If you've ever wondered what the raw materials look like this is very definitely an exhibition worth visiting!
Which brings me to Cochineal. This is an insect that produces a brilliant crimson red dye and was introduced into Europe in 1520. However it has been used in Mexico and South America as a deep red dye since the 2nd century BC. By 1550 tons of the dye was being brought over to Seville (the only port allowed to import it) to make the valued red dye. The insects were flattened and transported as dried insect 'cakes'. This trade continued until the late 18th century.
A very popular use of the dye was for textiles and tapestries in particular.
Cochineal was also often used as a glazing pigment in oil - e.g. in Carmine - because of its transparency until the late 19th century when the cochineal production industry went into steep decline. Many different shades could be produced from the cochineal lake dye depending on the additives added to the dye bath. Its use died out as artists realised it was fugitive as indeed were many of the dyes used to colour pink and crimson colours prior to the development of the stable pigment Quinacridone.
Today cochineal is widely used as a food colourant despite the fact that it provokes allergic reactions in a lot of people.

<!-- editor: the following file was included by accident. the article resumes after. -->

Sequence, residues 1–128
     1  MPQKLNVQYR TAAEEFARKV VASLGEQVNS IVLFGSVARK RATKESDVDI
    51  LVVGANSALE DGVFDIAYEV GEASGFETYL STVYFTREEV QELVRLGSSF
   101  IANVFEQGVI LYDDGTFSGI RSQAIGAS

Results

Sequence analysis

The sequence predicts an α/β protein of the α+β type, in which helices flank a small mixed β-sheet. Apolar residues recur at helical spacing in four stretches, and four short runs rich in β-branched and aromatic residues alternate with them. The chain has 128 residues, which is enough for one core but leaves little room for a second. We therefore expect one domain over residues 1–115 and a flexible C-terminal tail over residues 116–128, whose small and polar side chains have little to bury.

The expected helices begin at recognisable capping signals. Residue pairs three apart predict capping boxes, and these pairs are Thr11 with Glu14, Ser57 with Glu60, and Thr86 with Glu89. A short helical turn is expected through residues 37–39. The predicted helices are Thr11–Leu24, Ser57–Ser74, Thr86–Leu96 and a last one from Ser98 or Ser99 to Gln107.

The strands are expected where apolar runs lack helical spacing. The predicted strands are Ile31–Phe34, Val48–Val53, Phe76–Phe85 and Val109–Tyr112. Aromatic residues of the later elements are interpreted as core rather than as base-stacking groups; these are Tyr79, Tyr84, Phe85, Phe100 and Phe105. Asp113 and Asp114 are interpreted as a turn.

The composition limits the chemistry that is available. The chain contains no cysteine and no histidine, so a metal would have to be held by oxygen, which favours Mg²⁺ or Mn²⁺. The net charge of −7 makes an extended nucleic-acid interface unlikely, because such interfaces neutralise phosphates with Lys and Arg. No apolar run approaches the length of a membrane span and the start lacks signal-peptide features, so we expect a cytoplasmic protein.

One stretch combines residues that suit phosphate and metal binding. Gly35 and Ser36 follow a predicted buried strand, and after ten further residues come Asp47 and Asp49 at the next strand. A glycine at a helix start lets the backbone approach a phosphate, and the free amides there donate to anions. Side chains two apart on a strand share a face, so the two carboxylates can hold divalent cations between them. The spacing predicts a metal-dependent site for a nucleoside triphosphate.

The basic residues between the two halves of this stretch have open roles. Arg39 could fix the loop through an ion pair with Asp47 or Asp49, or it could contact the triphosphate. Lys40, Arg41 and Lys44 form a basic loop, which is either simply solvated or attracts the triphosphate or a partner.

...and this is what Cochineal looks like.
|Cochineal - insects, dried cochineal lake and dyed textile|
National Gallery - Making Colour Exhibition
- On the left are the little dead bodies of the cochineal bettle - a very small scale insect which feeds on cacti and is mainly found in Central America and Mexico. The insects are killed using boiling water and then dried in the sun.
- in the middle is the powdered version of the pigment
- on the right is what looks like a piece of silk which has been died using the cochineal dye.
More resources about Cochineal
- This page tells you how the cochineal was transformed from insects to an expensive paint.
- You can read Cochineal Red: The Art History of a Color by Elinor Phipps [adapted from The Metropolitan Museum of Art Bulletin, v. 67, no. 3 (Winter, 2010)] online or download it as a pdf
- More information: